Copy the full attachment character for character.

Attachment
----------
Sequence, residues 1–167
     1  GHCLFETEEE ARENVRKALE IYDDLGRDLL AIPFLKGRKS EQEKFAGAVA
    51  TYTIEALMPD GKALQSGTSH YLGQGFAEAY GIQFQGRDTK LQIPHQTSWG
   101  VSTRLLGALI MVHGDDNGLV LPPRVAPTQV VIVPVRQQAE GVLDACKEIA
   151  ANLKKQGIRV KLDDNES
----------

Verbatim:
Sequence, residues 1–167
     1  GHCLFETEEE ARENVRKALE IYDDLGRDLL AIPFLKGRKS EQEKFAGAVA
    51  TYTIEALMPD GKALQSGTSH YLGQGFAEAY GIQFQGRDTK LQIPHQTSWG
   101  VSTRLLGALI MVHGDDNGLV LPPRVAPTQV VIVPVRQQAE GVLDACKEIA
   151  ANLKKQGIRV KLDDNES